It may seem weird, but ear infections don’t attack only your ears, but your weight too. If you get them during your childhood, there’s a big chance you will develop a taste for fat foods, and thus this affinity will probably lead to obesity. Scientists that made this study suggest that this appears because middle ear infections could affect the nerve that carries taste information to the brain.
Severe childhood ear infections (which require antibiotics) double the risk of obesity, according to psychologist Linda Bartoshuk of the University of Florida in Gainesville. This comes as a result of the predisposition to fat foods, researchers say. Three quarters of children develop at least an ear infection by the age of three and a third of all children have at least three infections by that age, with significant chances of a severe episode.
Bartoshuk says that frequent (despite not severe) ear infections can lead to a permanent damaging of the chorda tympani nerve, which is responsable for picking up sensations from the front of the tongue and goes to the brain, passing through the middle ear. This appears to make people want fat foods, but not by a direct mean, but by a more subtle link. This team showed that chorda tympani damage intensifies the sensation of the texture of fatty foods, which is naturally associated by the brain with energy density.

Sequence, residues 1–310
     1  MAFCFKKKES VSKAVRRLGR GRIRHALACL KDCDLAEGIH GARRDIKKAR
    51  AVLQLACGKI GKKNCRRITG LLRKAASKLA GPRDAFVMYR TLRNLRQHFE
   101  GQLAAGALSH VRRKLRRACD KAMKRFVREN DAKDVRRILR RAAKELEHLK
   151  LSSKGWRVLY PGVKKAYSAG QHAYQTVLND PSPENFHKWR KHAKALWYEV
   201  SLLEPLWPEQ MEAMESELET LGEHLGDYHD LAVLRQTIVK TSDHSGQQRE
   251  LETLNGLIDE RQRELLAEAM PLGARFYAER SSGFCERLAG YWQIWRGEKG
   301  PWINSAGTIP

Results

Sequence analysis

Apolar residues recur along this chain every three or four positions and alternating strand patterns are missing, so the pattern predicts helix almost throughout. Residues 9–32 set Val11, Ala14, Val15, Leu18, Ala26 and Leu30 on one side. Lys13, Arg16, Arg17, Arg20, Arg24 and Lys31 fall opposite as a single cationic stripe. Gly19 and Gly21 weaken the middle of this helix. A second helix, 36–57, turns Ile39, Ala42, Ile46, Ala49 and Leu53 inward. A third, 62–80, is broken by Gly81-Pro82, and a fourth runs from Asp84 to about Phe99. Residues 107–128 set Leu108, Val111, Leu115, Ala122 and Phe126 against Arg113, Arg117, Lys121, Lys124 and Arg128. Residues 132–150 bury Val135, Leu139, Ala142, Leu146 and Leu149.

“Damage to taste makes oral touch feel more intense.” People who’ve had ear infections would then just receive more intense sensations from creamy, slippery foods.”
Basically speaking, this heightening of sensations could go both ways, meaning that it would be possible for fat foods to be less apealing too; however, this doesn’t seem to happen too often, scientists concluded. They wanted to be sure these findings were accurate, so they waited.
“We did not want to go public with this because it’s the sort of thing that frightens people.”
Andrei's background is in geophysics, and he's been fascinated by it ever since he was a child. Feeling that there is a gap between scientists and the general audience, he started ZME Science -- and the results are what you see today.